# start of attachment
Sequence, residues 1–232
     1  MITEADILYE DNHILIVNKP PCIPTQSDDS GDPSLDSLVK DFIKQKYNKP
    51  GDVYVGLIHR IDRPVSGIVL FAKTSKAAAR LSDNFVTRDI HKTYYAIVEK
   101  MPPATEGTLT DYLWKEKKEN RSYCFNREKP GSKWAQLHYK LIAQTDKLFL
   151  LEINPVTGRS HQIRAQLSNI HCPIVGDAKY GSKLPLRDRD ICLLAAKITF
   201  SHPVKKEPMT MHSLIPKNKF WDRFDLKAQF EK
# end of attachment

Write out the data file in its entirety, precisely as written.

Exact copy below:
Sequence, residues 1–232
     1  MITEADILYE DNHILIVNKP PCIPTQSDDS GDPSLDSLVK DFIKQKYNKP
    51  GDVYVGLIHR IDRPVSGIVL FAKTSKAAAR LSDNFVTRDI HKTYYAIVEK
   101  MPPATEGTLT DYLWKEKKEN RSYCFNREKP GSKWAQLHYK LIAQTDKLFL
   151  LEINPVTGRS HQIRAQLSNI HCPIVGDAKY GSKLPLRDRD ICLLAAKITF
   201  SHPVKKEPMT MHSLIPKNKF WDRFDLKAQF EK